Sunday, April 15, 2007

We're getting mixed messages here, guys

Good indicators that a news article is thinly sourced:
  • The headline uses the passive voice.
  • The thrust of the article relies on anonymous sources
  • The writer qualifies the second sentence with the word "purportedly."
  • A later sentence begins: "It was not confirmed how well..."
  • An editorial about the story states "it is not clear how such an action would work."
The Voice went 5-for-5 this week in a follow-up to the Town Crier impression it did two weeks ago, once again attacking the work furlough inmates for their ill-mannered rambunctiousness. At least this time we are given more information about the source of these allegations -- they seem to be little old ladies who don't very much like being around poor people outside of church.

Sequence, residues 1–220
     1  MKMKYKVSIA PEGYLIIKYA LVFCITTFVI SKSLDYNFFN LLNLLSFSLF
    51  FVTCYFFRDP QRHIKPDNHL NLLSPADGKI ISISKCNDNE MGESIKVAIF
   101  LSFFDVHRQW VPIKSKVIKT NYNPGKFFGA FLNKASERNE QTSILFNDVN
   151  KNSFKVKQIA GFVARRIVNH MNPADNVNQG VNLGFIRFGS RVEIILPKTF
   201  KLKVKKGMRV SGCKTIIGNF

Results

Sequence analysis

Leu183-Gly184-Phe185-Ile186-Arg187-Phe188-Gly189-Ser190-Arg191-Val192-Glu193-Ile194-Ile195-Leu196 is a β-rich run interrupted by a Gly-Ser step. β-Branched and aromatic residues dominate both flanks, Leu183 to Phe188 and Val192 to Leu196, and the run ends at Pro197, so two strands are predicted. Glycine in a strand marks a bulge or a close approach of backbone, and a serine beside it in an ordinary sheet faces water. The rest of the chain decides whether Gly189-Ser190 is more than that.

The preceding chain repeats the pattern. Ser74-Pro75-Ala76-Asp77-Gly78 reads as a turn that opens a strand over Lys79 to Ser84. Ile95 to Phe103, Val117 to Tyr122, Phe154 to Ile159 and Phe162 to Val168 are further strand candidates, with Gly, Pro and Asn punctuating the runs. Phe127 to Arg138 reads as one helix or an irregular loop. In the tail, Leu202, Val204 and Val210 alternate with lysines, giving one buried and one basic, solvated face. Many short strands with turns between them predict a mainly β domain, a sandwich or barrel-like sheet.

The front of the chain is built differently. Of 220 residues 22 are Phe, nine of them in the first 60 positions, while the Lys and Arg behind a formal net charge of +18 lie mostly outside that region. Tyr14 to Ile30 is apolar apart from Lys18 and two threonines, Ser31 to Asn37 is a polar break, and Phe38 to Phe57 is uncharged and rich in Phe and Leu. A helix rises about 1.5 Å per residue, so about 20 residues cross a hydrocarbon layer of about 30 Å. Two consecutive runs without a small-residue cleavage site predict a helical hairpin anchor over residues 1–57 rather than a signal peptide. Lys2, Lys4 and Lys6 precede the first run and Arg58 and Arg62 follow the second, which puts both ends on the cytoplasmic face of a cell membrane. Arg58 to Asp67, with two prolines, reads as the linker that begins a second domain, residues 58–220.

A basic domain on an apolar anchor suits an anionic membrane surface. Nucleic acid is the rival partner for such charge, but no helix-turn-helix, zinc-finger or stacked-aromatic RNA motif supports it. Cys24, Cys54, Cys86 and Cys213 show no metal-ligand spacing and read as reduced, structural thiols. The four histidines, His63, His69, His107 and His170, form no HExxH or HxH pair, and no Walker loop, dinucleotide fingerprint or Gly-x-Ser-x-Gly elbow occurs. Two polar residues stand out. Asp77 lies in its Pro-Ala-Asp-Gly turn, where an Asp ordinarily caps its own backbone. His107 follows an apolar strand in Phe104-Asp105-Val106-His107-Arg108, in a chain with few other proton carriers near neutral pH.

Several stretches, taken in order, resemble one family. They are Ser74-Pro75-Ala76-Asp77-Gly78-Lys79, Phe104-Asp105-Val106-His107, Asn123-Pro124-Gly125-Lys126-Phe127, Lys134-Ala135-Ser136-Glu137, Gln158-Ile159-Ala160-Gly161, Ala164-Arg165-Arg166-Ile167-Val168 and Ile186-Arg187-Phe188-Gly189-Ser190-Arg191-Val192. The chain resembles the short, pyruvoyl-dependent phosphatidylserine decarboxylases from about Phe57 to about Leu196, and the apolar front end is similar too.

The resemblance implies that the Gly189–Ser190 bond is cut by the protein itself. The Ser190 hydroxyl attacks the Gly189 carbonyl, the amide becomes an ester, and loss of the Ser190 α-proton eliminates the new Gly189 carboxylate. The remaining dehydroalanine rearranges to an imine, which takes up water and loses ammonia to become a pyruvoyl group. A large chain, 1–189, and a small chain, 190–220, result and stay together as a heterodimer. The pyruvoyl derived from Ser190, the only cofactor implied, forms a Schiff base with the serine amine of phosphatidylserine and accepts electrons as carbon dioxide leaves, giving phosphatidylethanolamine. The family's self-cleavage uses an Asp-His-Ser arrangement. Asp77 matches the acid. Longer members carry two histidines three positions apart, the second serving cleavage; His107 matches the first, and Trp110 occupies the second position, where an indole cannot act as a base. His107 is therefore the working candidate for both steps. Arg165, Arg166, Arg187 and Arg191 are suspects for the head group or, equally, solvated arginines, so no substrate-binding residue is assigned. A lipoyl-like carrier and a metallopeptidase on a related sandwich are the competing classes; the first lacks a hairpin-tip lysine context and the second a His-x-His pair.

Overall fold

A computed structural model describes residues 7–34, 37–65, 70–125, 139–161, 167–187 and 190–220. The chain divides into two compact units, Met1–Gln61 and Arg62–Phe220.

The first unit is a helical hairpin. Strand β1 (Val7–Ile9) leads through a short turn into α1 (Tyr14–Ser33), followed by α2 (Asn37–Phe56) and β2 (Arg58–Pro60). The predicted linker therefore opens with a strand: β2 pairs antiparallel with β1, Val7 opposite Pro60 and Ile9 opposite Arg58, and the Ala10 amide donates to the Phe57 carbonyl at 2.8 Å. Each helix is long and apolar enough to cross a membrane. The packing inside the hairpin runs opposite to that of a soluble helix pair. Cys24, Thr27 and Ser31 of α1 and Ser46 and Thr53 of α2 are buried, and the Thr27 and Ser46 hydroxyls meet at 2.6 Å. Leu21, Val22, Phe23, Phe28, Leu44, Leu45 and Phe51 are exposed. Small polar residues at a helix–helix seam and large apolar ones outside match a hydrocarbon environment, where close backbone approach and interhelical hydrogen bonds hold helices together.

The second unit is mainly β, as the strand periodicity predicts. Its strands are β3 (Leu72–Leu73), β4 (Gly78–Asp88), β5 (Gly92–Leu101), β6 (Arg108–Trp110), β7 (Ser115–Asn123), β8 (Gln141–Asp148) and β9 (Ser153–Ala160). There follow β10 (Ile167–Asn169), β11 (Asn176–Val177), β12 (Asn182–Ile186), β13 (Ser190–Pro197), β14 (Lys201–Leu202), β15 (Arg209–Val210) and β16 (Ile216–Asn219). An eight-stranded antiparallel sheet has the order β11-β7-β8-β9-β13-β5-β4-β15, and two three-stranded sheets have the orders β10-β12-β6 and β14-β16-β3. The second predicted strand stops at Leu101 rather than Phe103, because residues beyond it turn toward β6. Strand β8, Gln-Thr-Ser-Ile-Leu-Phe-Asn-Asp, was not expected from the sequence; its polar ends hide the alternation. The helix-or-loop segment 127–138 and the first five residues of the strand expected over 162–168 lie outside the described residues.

In a schizophrenic editorial, the paper sympathizes with these anonymous sources but defends the program. This is all wrong. If you really want to be the Town Crier, you don't print things in the news section that readers might plausibly interpret to conflict with the opinion of the editorial. Otherwise, what's the point of running a local paper?

To be fair, it does take a certain level of Town Crier-ness to refer to a parking garage as "gorgeous" in a headline. That is how you do cheerleading right -- shamelessly.

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